The heart of devotion opens spontaneously with a deep sense of reverence, aspiration and love. It is based on soul-contact with the Divine. External signs of worship, prayers, songs, rituals, repeating words of devotion are not indicators of the soul status necessarily and they cannot replace the true opening of the being that can occur at any time when contact from the psychic being comes to the fore.

It is common for people to show their devotion through external signs. In many cases this is however quite devoid of the deeper spiritual force of the psychic. It then can become a vital play for acceptance, attention or status. This is not what the yoga of devotion is all about however.

Of course, practices that help an individual contact and open to the psychic influence are beneficial and thus, prayer, devotional singing, worship services may indeed be of benefit if they spring from this inner need to focus and achieve the necessary contact and receptivity that is the heart of devotion.

Sri Aurobindo writes: “The nature of Bhakti is adoration, worship, self-offering to what is greater than oneself…. Bhakti is not an experience, it is a state of the heart and soul. It is a state which comes when the psychic being is awake and prominent.”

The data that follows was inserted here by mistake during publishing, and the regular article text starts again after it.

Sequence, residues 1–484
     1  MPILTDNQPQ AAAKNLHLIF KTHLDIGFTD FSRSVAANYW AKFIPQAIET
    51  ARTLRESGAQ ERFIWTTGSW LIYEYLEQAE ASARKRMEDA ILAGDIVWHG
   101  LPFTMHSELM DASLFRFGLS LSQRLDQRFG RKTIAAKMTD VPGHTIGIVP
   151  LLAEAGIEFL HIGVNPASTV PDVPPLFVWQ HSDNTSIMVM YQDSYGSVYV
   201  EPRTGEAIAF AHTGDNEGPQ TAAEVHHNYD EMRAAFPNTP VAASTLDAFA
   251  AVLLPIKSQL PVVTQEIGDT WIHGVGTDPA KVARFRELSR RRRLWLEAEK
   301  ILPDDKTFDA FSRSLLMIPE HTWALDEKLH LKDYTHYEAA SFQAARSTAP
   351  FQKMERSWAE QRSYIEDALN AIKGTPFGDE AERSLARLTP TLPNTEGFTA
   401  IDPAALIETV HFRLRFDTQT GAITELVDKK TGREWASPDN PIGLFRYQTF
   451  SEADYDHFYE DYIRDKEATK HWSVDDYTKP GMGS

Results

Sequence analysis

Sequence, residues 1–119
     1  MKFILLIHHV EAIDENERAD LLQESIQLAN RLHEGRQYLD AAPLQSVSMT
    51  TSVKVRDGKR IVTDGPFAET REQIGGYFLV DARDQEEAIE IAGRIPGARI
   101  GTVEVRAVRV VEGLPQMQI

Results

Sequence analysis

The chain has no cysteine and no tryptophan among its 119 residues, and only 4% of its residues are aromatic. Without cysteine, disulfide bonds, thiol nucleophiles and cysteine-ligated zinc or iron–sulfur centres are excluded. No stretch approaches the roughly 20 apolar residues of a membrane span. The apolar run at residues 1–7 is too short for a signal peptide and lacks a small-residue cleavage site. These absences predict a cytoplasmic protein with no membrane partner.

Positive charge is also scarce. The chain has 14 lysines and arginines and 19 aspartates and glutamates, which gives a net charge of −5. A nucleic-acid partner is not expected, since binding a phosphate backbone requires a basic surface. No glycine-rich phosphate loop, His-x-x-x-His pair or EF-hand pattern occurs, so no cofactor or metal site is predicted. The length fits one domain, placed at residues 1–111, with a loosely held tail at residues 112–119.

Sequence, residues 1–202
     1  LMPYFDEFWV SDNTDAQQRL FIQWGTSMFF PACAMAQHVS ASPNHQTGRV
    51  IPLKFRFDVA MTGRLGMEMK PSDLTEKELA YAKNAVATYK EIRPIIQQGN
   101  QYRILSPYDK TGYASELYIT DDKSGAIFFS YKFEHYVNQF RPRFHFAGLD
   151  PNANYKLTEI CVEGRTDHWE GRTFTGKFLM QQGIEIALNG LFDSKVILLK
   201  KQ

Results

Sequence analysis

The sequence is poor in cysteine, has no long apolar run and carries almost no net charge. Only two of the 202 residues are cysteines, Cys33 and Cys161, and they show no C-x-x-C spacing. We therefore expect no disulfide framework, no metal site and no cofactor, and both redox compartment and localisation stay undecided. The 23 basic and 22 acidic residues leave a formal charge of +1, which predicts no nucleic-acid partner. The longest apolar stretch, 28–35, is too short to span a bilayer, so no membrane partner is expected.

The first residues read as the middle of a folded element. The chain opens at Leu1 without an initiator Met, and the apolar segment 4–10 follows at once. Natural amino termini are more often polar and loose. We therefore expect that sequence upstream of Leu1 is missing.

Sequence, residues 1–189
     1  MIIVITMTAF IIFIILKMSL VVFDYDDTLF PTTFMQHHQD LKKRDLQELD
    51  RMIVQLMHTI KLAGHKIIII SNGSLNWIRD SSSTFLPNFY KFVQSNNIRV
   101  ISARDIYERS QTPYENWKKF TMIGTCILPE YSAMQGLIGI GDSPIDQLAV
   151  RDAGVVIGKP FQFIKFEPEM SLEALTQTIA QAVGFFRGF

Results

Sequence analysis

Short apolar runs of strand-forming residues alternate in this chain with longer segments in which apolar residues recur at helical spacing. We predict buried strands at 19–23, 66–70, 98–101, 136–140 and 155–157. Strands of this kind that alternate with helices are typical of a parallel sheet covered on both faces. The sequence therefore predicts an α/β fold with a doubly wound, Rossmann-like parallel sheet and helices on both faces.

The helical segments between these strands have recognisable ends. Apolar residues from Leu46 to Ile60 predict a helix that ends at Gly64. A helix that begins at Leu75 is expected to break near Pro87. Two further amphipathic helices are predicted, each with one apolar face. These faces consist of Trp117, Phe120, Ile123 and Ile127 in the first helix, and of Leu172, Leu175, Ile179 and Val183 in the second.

Sri Aurobindo and the Mother, Growing Within: The Psychology of Inner Development, Chapter V Growth of Consciousness, Means and Methods, pp. 101-102

The Impersonal and the Personal Divine

It seems that people fall into two camps. Either they believe in a personal form of divinity, God, or savior, or they don’t. For those that do not believe in a personal form of the Divine, there is a belief in some impersonal machinery of unknown origin or purpose. These two however need not be mutually exclusive; rather, the division is due to the way we process concepts with our mentality, which seems to prefer ‘either/or’ choices and black and white distinctions.

Yet if we observe our world, and our own inner being carefully, we see that some things cannot be explained or justified by one or the other of these distinctions, just as science is finding that Einstein’s relativity and quantum mechanics do not seem to fully agree, but that each seems to work in its own field of action. In the case of science, they are moving toward an approach that accepts both within the larger framework without the need to prove one or the other as the sole explanation. Similarly, when it comes to spiritual development, we find that both the impersonal and the personal have a role and the solution lies, not in excluding one in favor of the other, but in finding a way to integrate the two in a new synthesis of understanding. This is what Sri Aurobindo has put forward.